He's ridden the 24" and 26" wheel versions of the Creig in the past and certainly enjoyed being on the larger wheel size. We now need to get it out on a variety of rides to find out how it handles on different terrains and in different weather conditions, but it certainly handled well on muddy, undulating bridleways in Cumbria during December.
4) Layers are so important this time of year - thermal base layer and windproof top layers being crucial (and having somewhere to store them all when you get too hot). Buffs, skull caps, thermal socks and winter gloves make a real difference.
5) You can attempt to MTB in icy weather if you know what you're doing and have the proper tyres for it - it's certainly far preferable to being on a road bike and looks to be lots of fun when you slide! However, I found that if you know you've got to go to work to pay the mortgage on Monday morning this isn't quite so appealing!
6) There are numerous ways a brilliant descent can be ruined. T was sweeping round a corner on a fast descent only to find the path blocked. At least we know the brakes on the Islabikes Creig work well!!! Remember - don't annoy the locals!
7) It's fine to keep it short and sweet this time of year and consider the fading light if you're heading out in the afternoon. This isn't the time of year to be setting off on challenging distances or new routes unless you're incredibly experienced and very well equipped. On the Sunday we somewhat foolishly decided to add a short loop we'd not done before - bad idea! We didn't have enough snacks, had to keep stopping in the cold to read the map, took a wrong turning at one point and in general turned what could have been a lovely adventure in warmer weather into a moan fest until we got back onto our tried and tested route and everyone was relaxed again!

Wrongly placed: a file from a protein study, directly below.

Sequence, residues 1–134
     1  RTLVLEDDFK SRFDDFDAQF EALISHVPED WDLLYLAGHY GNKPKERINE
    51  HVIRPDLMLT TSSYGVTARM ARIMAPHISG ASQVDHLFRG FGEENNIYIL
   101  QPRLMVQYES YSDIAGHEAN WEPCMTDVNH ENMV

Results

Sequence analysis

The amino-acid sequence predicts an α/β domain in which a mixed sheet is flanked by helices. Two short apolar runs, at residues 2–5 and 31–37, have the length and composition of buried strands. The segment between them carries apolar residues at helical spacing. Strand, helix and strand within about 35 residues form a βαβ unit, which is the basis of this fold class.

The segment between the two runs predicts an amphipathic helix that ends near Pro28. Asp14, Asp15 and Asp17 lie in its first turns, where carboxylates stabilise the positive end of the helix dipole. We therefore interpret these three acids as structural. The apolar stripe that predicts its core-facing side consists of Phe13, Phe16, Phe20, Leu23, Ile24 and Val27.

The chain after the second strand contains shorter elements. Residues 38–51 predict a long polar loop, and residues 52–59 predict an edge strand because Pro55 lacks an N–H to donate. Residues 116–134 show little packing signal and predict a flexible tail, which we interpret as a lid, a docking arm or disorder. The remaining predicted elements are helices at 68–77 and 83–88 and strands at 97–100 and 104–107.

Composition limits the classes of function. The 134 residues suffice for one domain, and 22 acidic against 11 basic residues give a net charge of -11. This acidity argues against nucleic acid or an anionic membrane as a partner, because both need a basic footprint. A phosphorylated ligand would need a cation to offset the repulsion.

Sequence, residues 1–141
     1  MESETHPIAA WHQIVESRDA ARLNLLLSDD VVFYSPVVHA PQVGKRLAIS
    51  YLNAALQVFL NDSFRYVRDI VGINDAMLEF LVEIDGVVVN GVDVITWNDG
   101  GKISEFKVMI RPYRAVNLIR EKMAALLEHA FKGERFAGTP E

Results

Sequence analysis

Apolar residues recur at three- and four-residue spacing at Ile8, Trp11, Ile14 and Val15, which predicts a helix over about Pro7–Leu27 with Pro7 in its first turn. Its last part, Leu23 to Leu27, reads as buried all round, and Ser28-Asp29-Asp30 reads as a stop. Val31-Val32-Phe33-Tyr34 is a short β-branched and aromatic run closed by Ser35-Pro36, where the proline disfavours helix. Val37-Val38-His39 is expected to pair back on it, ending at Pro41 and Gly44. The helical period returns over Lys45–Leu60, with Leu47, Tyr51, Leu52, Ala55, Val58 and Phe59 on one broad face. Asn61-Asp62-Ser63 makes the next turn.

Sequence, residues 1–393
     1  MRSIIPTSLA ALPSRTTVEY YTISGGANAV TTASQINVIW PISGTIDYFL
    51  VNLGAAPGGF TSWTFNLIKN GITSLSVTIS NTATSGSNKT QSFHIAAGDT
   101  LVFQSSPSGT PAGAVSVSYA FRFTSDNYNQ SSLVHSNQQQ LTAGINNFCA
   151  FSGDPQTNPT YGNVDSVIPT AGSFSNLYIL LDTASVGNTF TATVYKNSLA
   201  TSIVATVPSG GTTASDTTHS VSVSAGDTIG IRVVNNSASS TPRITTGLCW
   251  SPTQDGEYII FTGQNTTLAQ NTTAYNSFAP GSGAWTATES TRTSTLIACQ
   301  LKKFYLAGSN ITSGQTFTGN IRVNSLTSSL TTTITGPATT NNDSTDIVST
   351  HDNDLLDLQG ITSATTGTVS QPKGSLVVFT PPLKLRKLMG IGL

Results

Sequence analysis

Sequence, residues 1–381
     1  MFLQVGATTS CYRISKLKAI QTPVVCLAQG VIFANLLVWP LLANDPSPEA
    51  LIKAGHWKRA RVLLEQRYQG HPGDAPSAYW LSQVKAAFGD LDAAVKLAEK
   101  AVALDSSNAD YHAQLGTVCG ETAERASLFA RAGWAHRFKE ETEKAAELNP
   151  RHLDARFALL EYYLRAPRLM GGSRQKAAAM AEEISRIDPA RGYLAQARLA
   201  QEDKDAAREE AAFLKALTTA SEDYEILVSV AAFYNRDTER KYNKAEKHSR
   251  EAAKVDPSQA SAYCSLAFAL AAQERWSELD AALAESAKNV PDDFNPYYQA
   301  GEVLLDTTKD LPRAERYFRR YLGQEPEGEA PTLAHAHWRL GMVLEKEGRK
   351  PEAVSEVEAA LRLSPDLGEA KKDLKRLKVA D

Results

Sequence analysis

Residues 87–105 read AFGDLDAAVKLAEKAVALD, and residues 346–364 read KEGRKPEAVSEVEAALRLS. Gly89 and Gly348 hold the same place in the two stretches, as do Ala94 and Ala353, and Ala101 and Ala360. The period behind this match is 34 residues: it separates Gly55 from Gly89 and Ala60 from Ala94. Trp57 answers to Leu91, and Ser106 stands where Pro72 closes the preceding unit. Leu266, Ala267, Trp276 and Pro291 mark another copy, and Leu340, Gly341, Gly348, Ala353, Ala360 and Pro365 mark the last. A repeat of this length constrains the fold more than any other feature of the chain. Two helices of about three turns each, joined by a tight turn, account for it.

8) Be prepared for terrain that's easy to ride in the summer months being a bit more challenging at this time of year. To the Sprogs disappointment, the ice on this wasn't strong enough to take the weight of their bikes!
9) The clearing up after a muddy winter mountain bike ride is a real faff - we were only out for 90 minutes on the Saturday and it took almost as long to clean the muddy bikes and do the laundry afterwards (only for us to need to do it all over again the next day!)
10) BUT - getting out is really worth it!!! Gone are the feelings of cabin fever, and you get a glow of satisfaction on having been out and active on such a brilliant day. Fingers crossed we get lots of sunny, dry days over the Christmas holiday......
Do you ride all year round? Or are you a warm weather cycling family? Do drop a message in the comments box at the bottom of this article and let me know your thoughts on the highs and lows of cycling with your Sprogs at this time of year.
Disclosures: A big thank you to Islabikes who have loaned us the Creig 27 to review. We have not been paid to write this article, and receive no commission if you make a purchase. If you've enjoyed reading this and want to support us you can buy us a coffee here.